Nonetheless, Ibrahim urges: "In this case, the Court should recognize [his] and Lukudu's relationship as a marriage for purposes of FMLA entitlement. While they do not possess a Kentucky marriage license, they are Sudanese immigrants who have lived together continuously since 2008. They have multiple children together, and Ibrahim refers to Lukudu as my wife.'" (Docket No. 29, at 12.) Citing a scholarly article in favor of expanding FMLA coverage to domestic partners, Ibrahim insists that the application of state law here "creates a significant gap in coverage for a large number of cohabitating couples and domestic partnerships across the United States." (Docket No. 29, at 12.) But this is not the proper forum to hear Ibrahim's pleas for a change in the FMLA or the regulations thereunder. Accordingly, because Lukudu is not Ibrahim's spouse, Ibrahim was not entitled to FMLA leave under § 2612(a)(1)(C).
Second, Ibrahim was not entitled to FMLA leave under § 2612(a)(1)(A) to care for his son because Ibrahim was terminated one full week before his son was born. In an affidavit attached to his Response, Ibrahim states that his son was born on June 16, 2011. (Docket No. 29-2, at 2.) As noted above, supra note 2, Ibrahim's deposition testimony and affidavit tell somewhat inconsistent stories as to what exactly Ibrahim was told when he received the call from Norton Hospital on the morning of June 8, 2011. (In fact, his sworn Charge of Discrimination filed with the Kentucky Commission on Human Rights contradicts both accounts, as there he states he was already at work when he received word about Lukudu. ( See Docket No. 25-16).) Regardless, it is impossible for Ibrahim to be entitled to FMLA leave "[b]ecause of the birth of a son... and in order to care for such son" when that son had not yet been born. § 2612(a)(1)(A) (emphasis added). It is similarly impossible that any of the 7 ½ occurrence points that were accrued by Ibrahim and that resulted in his termination were in response to his caring for a child who was yet unborn. Consequently, Ibrahim's interference claim fails because he was not entitled to FMLA leave under § 2612(a)(1)(A).
Furthermore, Ibrahim has not made out a prima facie showing for his FMLA retaliation claim. It is undisputed that Ibrahim never notified JBS of his intent to request FMLA leave and never submitted any request for FMLA leave. Thus, he has not shown that he availed himself of a protected right under the FMLA by notifying his employer of his intent to take leave. Moreover, because Ibrahim was not entitled to FMLA leave and did not, in fact, exercise any rights under the FMLA, he cannot show a causal connection between the exercise of those rights and the adverse employment action taken against him.
For these reasons, summary judgment is appropriate on Ibrahim's FMLA claims.
III. ADA Claim and Related KCRA Claim
Ibrahim alleges associational discrimination on the basis of his association with a person with a disability or perceived disability (Lukudu) in violation of the ADA and KCRA. The ADA prohibits "excluding or otherwise denying equal jobs or benefits to a qualified individual because of the known disability of an individual with whom the qualified individual is known to have a relationship or association." 42 U.S.C. § 12112(b)(4). Although the KCRA retains the former definition of "disability, " compare Ky. Rev. Stat. § 344.010(4), with 42 U.S.C. § 12102(2), this Court has recognized that "[t]he disability discrimination provisions of the Kentucky Civil Rights Act parallel the requirements of the Americans with Disabilities Act." Azzam v. Baptist Healthcare Affiliates, Inc., 855 F.Supp.2d 653, 657 (W.D. Ky. 2012); see also Ky. Rev. Stat. § 344.020(1)(a) (stating that the purpose of the KCRA is "[t]o provide for the execution within the state of the policies embodied in... the [ADA]"). As such, the ADA's coverage is broader, and a plaintiff's failure to make a prima facie showing under the ADA necessarily means he cannot make a prima facie showing under the KCRA. See id. at 657-58 & n.3.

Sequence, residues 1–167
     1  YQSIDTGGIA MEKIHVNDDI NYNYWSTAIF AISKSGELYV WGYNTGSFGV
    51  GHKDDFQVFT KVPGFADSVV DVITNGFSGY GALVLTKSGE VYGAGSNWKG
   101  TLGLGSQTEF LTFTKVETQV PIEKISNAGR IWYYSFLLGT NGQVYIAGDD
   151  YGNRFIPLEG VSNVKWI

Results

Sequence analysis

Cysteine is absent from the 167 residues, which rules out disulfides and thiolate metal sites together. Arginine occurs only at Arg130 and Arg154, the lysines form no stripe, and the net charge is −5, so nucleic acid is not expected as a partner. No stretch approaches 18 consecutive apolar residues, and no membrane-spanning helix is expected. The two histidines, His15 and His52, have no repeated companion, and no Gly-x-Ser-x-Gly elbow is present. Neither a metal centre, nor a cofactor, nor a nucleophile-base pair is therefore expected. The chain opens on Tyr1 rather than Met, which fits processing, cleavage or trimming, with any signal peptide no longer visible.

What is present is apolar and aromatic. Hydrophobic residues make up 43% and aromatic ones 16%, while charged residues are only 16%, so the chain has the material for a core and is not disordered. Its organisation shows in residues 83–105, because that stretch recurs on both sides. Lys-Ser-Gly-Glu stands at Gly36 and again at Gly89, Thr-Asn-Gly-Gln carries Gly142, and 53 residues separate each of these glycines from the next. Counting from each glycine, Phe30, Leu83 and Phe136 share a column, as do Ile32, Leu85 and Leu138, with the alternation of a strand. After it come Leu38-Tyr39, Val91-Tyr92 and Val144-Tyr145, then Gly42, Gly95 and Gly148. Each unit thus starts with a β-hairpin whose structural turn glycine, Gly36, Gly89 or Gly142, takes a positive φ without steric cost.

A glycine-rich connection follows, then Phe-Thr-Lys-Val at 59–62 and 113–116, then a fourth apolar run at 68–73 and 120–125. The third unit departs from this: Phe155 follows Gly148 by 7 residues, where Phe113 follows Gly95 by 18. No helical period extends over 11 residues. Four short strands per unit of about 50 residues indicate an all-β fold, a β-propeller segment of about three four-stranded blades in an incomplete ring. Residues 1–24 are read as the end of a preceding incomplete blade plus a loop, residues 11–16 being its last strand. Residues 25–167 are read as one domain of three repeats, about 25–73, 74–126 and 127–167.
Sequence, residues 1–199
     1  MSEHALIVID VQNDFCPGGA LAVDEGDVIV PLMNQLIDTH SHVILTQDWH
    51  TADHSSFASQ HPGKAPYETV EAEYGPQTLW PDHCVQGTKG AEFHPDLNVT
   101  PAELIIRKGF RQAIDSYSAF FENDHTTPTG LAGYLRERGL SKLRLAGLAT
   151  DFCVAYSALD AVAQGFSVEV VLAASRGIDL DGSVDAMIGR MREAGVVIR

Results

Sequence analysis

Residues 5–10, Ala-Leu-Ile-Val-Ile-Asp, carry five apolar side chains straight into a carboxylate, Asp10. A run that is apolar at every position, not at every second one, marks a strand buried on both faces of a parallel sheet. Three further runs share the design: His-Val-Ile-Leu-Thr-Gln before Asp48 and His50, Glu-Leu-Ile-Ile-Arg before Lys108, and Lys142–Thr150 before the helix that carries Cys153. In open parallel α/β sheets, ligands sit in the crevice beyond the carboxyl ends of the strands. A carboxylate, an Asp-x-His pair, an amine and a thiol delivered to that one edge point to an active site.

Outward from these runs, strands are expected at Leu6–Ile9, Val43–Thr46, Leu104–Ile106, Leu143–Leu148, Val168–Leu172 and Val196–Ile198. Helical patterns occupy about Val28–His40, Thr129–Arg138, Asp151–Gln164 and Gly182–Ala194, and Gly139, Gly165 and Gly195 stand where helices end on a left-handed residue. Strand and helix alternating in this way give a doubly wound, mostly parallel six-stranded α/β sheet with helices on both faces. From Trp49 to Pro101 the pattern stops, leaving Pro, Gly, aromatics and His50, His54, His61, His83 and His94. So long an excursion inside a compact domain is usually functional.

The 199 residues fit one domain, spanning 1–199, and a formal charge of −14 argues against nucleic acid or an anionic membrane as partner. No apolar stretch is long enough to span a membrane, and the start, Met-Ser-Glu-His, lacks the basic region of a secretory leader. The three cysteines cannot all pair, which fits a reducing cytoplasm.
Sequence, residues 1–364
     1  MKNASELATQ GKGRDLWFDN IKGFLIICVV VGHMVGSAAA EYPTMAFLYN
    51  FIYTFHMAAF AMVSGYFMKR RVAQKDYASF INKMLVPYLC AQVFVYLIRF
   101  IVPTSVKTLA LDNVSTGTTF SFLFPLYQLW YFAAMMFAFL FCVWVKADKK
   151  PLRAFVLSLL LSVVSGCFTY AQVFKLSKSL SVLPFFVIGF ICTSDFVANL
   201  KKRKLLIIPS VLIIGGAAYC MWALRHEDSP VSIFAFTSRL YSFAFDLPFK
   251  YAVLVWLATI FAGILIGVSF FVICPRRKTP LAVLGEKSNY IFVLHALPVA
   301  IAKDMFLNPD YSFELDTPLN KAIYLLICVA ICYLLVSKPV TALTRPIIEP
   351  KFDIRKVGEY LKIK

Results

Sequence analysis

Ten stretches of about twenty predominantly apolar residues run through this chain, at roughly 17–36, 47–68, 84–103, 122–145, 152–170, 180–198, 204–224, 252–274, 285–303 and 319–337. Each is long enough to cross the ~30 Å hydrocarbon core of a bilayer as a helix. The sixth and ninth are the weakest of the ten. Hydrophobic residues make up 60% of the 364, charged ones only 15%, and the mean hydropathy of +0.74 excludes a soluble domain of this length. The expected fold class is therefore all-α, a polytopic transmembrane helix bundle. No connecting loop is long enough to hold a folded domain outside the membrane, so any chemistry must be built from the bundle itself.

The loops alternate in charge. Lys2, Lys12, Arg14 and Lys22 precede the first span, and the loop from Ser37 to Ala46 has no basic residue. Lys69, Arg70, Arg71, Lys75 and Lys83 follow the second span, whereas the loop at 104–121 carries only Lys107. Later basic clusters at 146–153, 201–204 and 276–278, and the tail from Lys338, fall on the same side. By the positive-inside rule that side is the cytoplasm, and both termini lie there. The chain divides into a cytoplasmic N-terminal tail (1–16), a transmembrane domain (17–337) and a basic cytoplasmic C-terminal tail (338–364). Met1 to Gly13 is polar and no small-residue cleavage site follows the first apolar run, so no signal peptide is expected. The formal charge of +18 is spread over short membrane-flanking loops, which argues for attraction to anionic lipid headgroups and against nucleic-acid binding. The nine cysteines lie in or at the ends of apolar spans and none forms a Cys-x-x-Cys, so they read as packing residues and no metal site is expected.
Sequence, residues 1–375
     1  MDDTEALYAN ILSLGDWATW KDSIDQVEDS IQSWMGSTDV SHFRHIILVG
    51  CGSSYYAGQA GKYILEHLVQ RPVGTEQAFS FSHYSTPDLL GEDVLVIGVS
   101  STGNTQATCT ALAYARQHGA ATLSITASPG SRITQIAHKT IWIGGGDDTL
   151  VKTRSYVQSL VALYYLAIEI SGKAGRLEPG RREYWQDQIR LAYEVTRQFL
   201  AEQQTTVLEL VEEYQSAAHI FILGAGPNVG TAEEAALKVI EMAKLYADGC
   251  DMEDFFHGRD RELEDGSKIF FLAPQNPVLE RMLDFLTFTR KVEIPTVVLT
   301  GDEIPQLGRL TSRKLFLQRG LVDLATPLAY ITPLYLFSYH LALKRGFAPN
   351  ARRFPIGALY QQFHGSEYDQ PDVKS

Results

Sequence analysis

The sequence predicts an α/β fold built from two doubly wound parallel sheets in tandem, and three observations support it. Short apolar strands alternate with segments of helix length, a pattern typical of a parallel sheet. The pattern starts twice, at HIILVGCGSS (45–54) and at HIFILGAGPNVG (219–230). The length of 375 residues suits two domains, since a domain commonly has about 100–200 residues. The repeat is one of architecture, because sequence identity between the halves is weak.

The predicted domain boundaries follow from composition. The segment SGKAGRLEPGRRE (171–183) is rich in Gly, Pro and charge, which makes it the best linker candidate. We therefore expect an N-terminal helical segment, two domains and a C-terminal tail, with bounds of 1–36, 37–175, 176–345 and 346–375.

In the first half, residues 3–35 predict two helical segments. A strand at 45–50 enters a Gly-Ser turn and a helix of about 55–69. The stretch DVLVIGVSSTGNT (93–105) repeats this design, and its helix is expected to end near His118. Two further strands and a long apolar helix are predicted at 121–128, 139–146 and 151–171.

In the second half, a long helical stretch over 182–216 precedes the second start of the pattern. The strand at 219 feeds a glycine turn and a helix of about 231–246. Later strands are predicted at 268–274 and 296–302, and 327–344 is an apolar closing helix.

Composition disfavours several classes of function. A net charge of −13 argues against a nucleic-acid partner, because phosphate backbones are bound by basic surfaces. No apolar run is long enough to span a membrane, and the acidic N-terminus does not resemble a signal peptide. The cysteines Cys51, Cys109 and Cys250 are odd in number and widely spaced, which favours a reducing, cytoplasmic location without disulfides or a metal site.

Although Defendants argue, by way of footnote, that Lukudu cannot prove she was disabled, this issue does not appear to have been fully briefed by the parties. Therefore, for purposes of this discussion, the Court will assume Lukudu was a qualified individual with a disability.
The Sixth Circuit first addressed § 12112(b)(4) associational discrimination claims in a published opinion in Stansberry v. Air Wisconsin Airlines Corp., 651 F.3d 482 (6th Cir. 2011). Noting that such claims "arise under an infrequently litigated section of the Act, " the court of appeals looked first to the legislative history accompanying § 12112(b)(4) to ascertain the type of employer conduct prohibited. Id. at 486. That legislative history presented the following hypothetical: "[A]ssume that the employer hires the applicant. If he or she violates a neutral employer policy concerning attendance or tardiness, he or she may be dismissed even if the reason for the absence or tardiness is to care for the spouse. The employer need not provide any accommodation to the nondisabled employee." H.R. REP. NO. 101-485, pt. 2, at 61-62 (1990), reprinted in 1990 U.S.C.C.A.N. 303, 343-44. On this point, the Sixth Circuit reiterated, "Importantly, employers are not required to provide reasonable accommodations to non-disabled workers under this section of the Act." Stansberry, 651 F.3d at 486-87. This position finds further support in the interpretive guidance published with the regulations promulgated to implement the ADA. See 29 C.F.R. § 1630 app. at 401 ("It should be noted... that an employer need not provide the applicant or employee without a disability with a reasonable accommodation because that duty only applies to qualified applicants or employees with disabilities. Thus, for example, an employee would not be entitled to a modified work schedule as an accommodation to enable the employee to care for a spouse with a disability.").